But his real goal was “just to listen to the patients and to get a sense of the human story”. He wanted at all costs to avoid “the usual tropes of setting something in a psychiatric hospital and writing about the experience as experienced from the outside in”.

In Switzerland, “the two things that really changed for me were this main character, Celine, that I could create a voice for her that was at the same time extremely compassionate and intelligent and humorous, but also have these cracks in it where you would see there were points where her version of reality doesn’t conform with the majority idea of what reality is. When you don’t play ball because of the strictures of how communication normally works in society, your voice just doesn’t get listened to at all.

“The second thing I really would have gotten a sense of was how easy it would have been for an idea of collective action to take place in an asylum or a psychiatric hospital. Because the patients are such a resource for one another. It is a different form of society, where, in order for it to function, diversity needs to be accepted. You need to be able to go along with whatever narrative people are having, in order to communicate with them. I found that then the music began to flow an awful lot more easily for me.”

He says he felt “an immense creative freedom” composing the opera. It was the world of the opera and its characters which dictated the musical style. “I found that the second I got a sense of what the world of the piece was going to be and who the people were in it, the music began to serve that purpose. What’s emerged is music that I feel is much closer to my voice than anything I’ve written before. But almost by accident.”

It’s not a totally unified style. “My childhood was steeped in traditional music. And, although there isn’t explicit traditional music in it, the way the ornamentation works to sort of crack Celine’s character in and out of the different trains of thought has been a really useful psychological device.”

He says that the whole world of the opera “stems out from her at times. So the structure is essentially that we fan in and out from the moments where she succeeds in making her vision manifest on the stage and the moments where that’s curtailed by her actual existence within the hospital. In those moments where it stretches out, the musical dynamic in her voice is very influenced by the ornamentation of sean nós, also very influenced by the litanies I would have heard at Novenas when I was a child . . . basically, she’s in a constant stream of consciousness. And the conjunctions between all of those sentences are answered as if they’re Pray For Us’s in a Novena.”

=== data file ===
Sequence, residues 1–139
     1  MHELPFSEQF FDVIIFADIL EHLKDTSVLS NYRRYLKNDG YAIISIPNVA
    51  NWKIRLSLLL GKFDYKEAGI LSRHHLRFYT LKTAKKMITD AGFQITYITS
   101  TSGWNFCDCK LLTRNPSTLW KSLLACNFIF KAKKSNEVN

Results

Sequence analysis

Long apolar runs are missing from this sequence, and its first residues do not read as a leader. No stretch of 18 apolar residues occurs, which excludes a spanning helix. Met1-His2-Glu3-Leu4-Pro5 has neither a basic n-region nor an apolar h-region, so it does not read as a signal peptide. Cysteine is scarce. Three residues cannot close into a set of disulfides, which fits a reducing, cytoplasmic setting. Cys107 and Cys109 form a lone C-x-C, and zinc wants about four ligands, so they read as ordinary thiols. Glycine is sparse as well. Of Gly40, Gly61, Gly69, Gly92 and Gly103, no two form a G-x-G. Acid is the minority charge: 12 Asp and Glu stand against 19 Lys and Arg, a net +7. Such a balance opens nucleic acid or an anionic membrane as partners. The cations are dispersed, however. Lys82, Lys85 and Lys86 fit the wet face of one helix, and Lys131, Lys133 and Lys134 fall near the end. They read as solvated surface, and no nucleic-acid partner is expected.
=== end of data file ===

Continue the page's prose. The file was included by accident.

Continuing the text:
The litany she’s in, he explains, is all “Soviet ideology, and little bits of her psychology are interspersed with that”. When her vision is manifest “it becomes this very riotous atmosphere on the stage, where that spreads out into the full ensemble. I would say that in the moments where her psychology is much more internalised, the world that she’s in is more akin to timbral contemporary music. In that moment I’d be much more interested in scoring the sound of the ECT machine, or the clang of the corridors, or the murmur of other patients. It’s a way of using that medical world to create the musical sound-world.”

Her main foil, says Gallen, is someone called the Inspector of Lunatics, “which was the name for the visiting psychiatrist of the time. At the beginning he is the rational, Everyman voice on the stage. There’s quite a bit of break in the fourth wall in the piece. He speaks to the audience as if they’re a group of trainee doctors who have come in to see the patient. And over the course of the opera, his diagnostic power becomes more and more suspicious. But also, as he gains moments of control, he also forces a different musical language on the piece.” That language is much more drawn from Weimar Germany, the pop music at the time, in 1919, the early 1920s. “There are things like Foxtrotskies in it.

“And when I hear it all out loud, it feels very me.”

Michael Gallen's Elsewhere is at the Abbey Theatre on Monday, November 15th; Wednesday, November 17th; Friday, November 19th and Saturday, November 20th.